Therefore, when you attempt to locate the middle (or centerline) of the asymmetrical lobe there is an automatic error. It could be as little as 2° or as much as 6° depending on the actual lobe design. Since the opening and closing at .050 lift method is not affected by the lobe design, it is more accurate to degree this way. This method will also verify your actual duration figures. To understand cam timing specifications, you must first understand the difference between intake and exhaust centerline and lobe centerline (which should be more understandably stated as lobe separation). Lobe centerline (or separation) is the distance in cam degrees between the maximum lift point (centerline) of the intake lobe and the maximum lift point (centerline) of the exhaust lobe.
This separation is ground in the cam and cant be changed unless the cam is reground. Intake and exhaust centerline relates to the phasing (timing) of the cam to the crankshaft.
To locate the intake or exhaust centerline you must find maximum lift of that lobe. As in finding TDC, you must begin by using an arbitrary figure, such as thousandths of an inch instead of degrees, say .050. With the dial indicator on the intake lifter, rotate the engine in the normal direction until you reach maximum lift. This is where the dial indicator changes direction. At this point set the dial indicator at zero.
Back the engine up until the dial indicator reads .100. Turn the engine back in the normal direction of rotation until the dial indicator reads .050. At this point, record the degree number that the pointer is on.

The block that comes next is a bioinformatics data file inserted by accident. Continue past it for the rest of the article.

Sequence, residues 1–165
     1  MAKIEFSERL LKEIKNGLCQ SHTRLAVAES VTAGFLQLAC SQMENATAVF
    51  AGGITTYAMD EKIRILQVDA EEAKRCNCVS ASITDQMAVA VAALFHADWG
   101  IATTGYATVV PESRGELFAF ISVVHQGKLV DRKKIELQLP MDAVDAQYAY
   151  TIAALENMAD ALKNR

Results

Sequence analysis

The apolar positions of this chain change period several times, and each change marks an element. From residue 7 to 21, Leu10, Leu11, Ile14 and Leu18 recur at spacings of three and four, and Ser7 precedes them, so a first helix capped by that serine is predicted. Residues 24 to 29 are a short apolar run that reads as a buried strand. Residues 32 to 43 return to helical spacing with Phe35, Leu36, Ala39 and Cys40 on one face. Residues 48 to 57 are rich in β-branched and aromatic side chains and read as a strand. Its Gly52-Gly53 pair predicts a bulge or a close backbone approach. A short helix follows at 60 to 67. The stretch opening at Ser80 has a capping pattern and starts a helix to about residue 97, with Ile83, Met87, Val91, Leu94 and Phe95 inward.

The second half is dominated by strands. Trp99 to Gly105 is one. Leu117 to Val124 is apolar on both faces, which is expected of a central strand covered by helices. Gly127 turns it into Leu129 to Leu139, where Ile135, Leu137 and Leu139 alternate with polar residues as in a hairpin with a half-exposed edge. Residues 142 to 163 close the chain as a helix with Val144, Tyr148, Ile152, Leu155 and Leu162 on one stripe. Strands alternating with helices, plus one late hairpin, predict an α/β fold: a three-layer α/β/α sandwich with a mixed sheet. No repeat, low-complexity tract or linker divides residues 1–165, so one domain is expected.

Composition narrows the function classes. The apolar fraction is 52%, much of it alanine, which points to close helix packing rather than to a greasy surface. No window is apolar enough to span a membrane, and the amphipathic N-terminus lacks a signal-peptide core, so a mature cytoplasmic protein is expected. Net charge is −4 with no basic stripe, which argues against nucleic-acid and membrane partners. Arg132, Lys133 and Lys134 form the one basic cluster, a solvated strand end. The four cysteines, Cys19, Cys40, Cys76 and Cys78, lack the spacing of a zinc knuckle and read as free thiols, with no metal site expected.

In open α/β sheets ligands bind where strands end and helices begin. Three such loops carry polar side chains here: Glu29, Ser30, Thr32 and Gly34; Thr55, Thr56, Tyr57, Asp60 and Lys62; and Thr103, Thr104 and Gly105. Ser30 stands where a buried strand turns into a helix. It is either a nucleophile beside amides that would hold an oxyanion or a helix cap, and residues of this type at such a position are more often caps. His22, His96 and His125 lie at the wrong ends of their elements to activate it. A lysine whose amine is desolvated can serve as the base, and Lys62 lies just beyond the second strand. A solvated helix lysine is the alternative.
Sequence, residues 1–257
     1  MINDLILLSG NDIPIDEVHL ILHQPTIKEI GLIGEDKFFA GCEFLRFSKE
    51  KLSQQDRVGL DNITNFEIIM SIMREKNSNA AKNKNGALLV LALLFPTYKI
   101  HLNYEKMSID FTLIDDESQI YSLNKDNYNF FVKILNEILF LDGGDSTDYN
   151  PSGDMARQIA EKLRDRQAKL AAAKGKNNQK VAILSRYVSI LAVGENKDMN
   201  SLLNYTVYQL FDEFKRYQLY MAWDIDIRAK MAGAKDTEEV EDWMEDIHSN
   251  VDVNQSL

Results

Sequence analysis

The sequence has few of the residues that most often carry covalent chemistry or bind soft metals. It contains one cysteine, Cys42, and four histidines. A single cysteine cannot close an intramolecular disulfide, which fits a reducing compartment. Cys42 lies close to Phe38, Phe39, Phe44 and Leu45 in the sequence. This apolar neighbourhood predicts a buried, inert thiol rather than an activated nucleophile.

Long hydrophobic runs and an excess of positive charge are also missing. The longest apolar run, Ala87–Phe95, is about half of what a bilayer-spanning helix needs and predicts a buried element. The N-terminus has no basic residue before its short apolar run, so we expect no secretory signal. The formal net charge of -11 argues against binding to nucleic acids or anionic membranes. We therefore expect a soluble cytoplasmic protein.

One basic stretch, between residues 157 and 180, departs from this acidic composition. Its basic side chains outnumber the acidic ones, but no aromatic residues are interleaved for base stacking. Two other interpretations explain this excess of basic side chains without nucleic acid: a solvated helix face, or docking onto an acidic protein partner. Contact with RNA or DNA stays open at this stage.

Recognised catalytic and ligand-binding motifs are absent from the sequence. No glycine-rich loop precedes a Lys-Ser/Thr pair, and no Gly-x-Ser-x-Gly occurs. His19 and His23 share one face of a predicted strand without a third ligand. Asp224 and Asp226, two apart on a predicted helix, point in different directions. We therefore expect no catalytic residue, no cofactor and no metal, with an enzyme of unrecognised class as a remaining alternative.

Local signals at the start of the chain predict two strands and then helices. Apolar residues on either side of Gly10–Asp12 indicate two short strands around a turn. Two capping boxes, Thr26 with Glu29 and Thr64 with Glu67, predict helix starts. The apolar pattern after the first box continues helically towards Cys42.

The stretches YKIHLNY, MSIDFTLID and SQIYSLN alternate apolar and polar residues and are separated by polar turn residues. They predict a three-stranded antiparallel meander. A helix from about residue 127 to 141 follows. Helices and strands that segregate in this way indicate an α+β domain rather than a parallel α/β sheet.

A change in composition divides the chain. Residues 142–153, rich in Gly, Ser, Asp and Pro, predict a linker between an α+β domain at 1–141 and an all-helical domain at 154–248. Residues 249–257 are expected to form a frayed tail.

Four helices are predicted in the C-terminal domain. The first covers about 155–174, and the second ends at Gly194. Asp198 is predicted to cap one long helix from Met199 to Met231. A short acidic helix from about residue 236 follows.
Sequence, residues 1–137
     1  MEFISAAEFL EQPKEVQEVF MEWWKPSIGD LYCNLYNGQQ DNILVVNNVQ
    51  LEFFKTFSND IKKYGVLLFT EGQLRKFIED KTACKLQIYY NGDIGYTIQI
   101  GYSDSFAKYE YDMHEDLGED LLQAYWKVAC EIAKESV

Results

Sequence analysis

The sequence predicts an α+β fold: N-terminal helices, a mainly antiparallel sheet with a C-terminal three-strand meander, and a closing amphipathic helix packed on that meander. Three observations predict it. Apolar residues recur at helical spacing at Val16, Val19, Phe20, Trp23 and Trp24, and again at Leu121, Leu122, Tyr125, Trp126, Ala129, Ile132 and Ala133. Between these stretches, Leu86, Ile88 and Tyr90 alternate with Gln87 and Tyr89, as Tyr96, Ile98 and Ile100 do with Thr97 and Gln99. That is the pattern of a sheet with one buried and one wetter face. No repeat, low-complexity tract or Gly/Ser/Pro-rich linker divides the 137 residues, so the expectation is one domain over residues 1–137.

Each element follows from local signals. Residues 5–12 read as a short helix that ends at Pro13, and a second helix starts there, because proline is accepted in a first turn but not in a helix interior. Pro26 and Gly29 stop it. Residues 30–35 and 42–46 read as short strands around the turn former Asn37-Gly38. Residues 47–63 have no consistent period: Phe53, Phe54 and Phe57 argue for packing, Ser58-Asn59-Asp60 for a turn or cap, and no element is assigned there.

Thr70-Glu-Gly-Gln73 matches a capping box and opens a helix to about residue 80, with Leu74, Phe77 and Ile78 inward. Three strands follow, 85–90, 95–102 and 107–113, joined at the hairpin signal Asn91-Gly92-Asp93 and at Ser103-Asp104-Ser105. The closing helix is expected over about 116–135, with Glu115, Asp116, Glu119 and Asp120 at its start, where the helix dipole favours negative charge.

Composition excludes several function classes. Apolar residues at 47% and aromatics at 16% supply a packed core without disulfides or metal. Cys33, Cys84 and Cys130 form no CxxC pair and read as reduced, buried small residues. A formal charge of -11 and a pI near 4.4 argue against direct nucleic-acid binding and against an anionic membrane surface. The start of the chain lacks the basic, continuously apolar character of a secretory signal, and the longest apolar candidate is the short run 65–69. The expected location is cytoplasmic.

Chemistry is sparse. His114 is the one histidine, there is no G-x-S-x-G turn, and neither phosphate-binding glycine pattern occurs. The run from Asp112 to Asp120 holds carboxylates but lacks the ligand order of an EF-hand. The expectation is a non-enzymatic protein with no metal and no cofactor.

Continue to rotate in the normal direction of rotation until the dial indicator goes past zero to .050 on the other side of maximum lift. Record the degree number that the pointer is on. Add the two degree numbers together and divide by two.
That number will be the location of the maximum lift point of the intake
lobe in relation to the
crankshaft. As you can see, this method does not tell you anything about the cam, or how accurately it is made.
A detailed proceedure from Lunati Cams for SYMETRICAL
cam lobes ONLY
The following is the method of degreeing a
cam which Lunati Cams recommends. The first step in
degreeing a cam is to obtain a few items which should be a part of every serious engine builders
tool chest. These items are:
1. A large Degree Wheel
2. A 1" Dial Indicator & Magnetic Base Stand,
3. A steel Deck Strap Kit
All of the above are available as LUNATI CAMS DEGREE WHEEL KIT, PART NO. 80001
We suggest that the engine be torn down to
expose the tappets. A more precise degree reading will
result if it is taken from the tappet area rather than from the valve retainers. To accomplish this
one has to disassemble the engine to expose this area. Rocker arm geometry can alter the readings
on your cam. Valve springs can deflect the cam enough to give false readings. Rocker arm
mounting studs that are not consistently straight will greatly alter your cam readings. We suggest
that all these components be bypassed to insure a true reading.
To begin the actual degreeing procedure, the
degree wheel should be secured to the crankshaft;
preferable the front end. A pointer of some type such as a piece of wire should be secured to the
front of the engine. The engine should be capable of turning in either direction. Rotate the
crankshaft until the number one piston is at approximate Top Dead Center and align the pointer
with TDC on the degree wheel.